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T.S., Mother, Appellant. v. << (2022)

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Court of Appeals of Iowa.

In the INTEREST OF A.G., Minor Child, T.S., Mother, Appellant.

No. 22-0157

Decided: March 30, 2022

Considered by Bower, C.J., Vaitheswaran, J., and Potterfield, S.J.* Jeremy M. Evans of Carr Law Firm, P.L.C., Des Moines, for appellant mother. Thomas J. Miller, Attorney General, and Ellen Ramsey-Kacena, Assistant Attorney General, for appellee State. Marc Elcock of Elcock Law Firm, Osceola, attorney and guardian ad litem for minor child.

The mother of A.G., born in 2019, appeals the termination of her parental rights. The juvenile court terminated the mother's rights pursuant to Iowa Code section 232.116(1)(b), (d), (e), (h), and (l) (2021). The mother purports to challenge each of the statutory grounds for termination and argues the loss of her parental rights is not in the child's best interests.

We review termination proceedings de novo. In re W.T., 967 N.W.2d 315, 322 (Iowa 2021). Termination of parental rights under chapter 232 follows a three-step process. See id. But on appeal, we review only the issues raised and briefed by the parent challenging the termination. In re A.H., No. 21-1189, 2022 WL 246258, at *1 (Iowa Ct. App. Jan. 27, 2022); see also Hyler v. Garner, 548 N.W.2d 864, 870 (Iowa 1996) (“We exercise our de novo review only with respect to issues raised and preserved at trial. Similarly, our review is confined to those propositions relied upon by the appellant for reversal on appeal.” (internal citation omitted)).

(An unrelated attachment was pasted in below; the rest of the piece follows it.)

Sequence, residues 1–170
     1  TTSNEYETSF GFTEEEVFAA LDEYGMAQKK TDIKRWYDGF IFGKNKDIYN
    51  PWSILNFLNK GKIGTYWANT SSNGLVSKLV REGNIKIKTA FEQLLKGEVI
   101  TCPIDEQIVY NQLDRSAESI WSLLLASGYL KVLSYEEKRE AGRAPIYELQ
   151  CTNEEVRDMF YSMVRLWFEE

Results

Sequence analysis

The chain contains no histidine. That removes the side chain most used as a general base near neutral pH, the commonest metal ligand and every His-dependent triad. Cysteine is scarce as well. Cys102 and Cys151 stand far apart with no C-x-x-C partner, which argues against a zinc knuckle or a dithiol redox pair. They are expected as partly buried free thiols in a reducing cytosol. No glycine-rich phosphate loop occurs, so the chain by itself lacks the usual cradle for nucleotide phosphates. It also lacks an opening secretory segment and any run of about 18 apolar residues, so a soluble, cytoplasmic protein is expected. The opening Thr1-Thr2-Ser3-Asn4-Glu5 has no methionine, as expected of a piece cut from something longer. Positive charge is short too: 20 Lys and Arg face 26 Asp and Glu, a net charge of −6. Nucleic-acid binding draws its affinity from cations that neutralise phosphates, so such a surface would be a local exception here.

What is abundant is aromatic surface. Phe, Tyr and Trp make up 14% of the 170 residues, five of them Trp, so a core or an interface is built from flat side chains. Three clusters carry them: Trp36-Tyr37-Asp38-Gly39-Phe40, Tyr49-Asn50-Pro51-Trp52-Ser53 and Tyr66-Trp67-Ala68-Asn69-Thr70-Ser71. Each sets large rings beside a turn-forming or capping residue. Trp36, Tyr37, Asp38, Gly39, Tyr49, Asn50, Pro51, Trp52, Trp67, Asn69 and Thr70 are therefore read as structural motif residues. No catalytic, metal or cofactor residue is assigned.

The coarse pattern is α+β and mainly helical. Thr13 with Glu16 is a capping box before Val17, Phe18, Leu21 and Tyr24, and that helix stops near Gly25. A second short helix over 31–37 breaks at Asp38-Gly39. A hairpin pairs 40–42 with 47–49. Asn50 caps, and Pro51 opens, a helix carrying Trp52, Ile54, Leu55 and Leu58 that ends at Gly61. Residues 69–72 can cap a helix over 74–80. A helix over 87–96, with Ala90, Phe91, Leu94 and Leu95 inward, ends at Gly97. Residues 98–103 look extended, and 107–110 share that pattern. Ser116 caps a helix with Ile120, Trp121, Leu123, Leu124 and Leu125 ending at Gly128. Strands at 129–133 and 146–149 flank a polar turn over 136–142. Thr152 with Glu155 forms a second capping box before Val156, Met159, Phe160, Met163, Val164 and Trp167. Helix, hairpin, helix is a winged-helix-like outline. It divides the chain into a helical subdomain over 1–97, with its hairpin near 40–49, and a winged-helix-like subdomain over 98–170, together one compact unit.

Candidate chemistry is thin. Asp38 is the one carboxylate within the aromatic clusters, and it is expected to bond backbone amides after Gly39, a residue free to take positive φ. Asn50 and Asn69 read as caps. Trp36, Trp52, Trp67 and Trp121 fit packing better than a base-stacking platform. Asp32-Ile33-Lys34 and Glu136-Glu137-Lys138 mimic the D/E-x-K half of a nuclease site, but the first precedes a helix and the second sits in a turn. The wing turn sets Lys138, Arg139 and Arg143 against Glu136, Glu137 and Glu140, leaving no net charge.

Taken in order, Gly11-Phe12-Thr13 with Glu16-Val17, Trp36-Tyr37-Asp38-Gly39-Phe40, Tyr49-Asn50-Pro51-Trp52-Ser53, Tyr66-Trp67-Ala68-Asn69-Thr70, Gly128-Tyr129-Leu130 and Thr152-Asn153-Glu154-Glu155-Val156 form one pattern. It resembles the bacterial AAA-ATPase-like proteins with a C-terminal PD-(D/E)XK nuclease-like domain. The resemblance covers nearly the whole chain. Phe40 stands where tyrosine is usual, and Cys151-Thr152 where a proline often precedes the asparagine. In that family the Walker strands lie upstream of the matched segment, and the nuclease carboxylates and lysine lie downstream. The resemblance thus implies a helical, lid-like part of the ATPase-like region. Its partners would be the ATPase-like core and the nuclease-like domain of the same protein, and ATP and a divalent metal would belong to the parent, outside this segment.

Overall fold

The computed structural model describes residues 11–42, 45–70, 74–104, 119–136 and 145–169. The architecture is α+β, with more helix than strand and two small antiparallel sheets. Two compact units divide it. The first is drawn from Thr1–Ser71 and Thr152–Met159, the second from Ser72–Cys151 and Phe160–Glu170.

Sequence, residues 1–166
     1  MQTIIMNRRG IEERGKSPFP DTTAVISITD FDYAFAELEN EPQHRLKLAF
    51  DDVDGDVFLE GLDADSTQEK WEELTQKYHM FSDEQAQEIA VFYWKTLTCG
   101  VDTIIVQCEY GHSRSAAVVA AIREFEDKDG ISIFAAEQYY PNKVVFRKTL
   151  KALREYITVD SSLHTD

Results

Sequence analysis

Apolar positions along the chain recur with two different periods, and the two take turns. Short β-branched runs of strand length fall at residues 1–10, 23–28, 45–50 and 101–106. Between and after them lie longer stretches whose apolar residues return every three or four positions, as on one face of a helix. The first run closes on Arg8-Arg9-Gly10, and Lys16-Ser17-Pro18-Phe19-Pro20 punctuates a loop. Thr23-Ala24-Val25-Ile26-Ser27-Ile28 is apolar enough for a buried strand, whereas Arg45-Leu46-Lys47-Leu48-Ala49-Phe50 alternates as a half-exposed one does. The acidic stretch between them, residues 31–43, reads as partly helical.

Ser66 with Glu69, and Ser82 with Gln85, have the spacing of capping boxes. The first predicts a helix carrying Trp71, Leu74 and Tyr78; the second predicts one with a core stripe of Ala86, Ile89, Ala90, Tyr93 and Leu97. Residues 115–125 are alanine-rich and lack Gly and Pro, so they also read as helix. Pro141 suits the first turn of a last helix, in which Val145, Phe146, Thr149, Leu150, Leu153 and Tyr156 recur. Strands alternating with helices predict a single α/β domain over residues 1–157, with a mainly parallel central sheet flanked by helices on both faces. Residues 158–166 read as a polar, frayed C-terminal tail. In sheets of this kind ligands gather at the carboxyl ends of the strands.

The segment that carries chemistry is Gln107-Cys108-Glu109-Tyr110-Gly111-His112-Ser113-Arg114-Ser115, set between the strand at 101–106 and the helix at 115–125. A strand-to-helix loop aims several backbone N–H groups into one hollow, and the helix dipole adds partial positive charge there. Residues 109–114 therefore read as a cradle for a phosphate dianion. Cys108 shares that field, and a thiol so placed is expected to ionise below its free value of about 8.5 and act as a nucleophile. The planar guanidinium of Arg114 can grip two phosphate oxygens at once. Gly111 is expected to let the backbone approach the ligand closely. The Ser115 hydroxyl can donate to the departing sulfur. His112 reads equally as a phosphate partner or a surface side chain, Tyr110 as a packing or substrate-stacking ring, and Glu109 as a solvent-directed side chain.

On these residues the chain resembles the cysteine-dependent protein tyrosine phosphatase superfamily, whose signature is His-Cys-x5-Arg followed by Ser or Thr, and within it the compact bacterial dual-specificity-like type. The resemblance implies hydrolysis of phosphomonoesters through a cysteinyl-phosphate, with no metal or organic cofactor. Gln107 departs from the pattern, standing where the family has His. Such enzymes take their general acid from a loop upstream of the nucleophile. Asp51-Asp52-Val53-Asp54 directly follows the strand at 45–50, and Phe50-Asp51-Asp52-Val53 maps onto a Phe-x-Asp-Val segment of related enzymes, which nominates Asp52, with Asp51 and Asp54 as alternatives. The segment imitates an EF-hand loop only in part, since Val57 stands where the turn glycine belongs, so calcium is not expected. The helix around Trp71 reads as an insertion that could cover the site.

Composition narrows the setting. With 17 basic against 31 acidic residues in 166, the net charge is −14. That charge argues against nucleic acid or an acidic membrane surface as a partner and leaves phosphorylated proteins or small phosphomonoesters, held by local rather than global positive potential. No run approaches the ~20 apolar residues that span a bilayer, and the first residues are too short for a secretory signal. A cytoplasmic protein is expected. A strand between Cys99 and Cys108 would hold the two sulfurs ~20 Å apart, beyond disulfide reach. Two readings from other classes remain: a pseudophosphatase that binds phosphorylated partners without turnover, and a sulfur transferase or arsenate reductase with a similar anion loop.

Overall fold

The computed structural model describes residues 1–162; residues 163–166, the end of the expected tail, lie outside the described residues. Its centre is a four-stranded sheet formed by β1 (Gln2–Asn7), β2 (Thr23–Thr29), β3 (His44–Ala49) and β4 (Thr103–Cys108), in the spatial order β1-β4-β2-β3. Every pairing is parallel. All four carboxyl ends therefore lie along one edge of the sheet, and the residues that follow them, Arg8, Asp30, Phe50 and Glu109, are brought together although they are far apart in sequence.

We may affirm on any statutory ground we find supported by clear and convincing evidence. See In re M.W., 876 N.W.2d 212, 222 (Iowa 2016). We choose to consider paragraph (h), which allows the court to terminate when clear and convincing evidence establishes:

(1) The child is three years of age or younger.

(2) The child has been adjudicated a child in need of assistance pursuant to section 232.96.

(3) The child has been removed from the physical custody of the child's parents for at least six months of the last twelve months, or for the last six consecutive months and any trial period at home has been less than thirty days.

(4) There is clear and convincing evidence that the child cannot be returned to the custody of the child's parents as provided in section 232.102 at the present time.

Iowa Code § 232.116(1)(h). The mother concedes the first three elements were proved, but she claims to challenge the fourth element—whether the child could be returned to her care as of the November 4, 2021 termination trial. See W.T., 967 N.W.2d at 322 (interpreting section 232.116(1)(h)(4) as requiring a finding of “whether [the child] could have been placed in [the parent's] custody at the time of the hearing”). We easily conclude the mother's challenge is without merit. First, even on appeal, she does not contend the child could have been immediately returned to her care. And second, the mother cannot realistically make such an assertion, as she was in jail without bond at the time of the termination trial. Clear and convincing evidence supports termination under section 232.116(1)(h).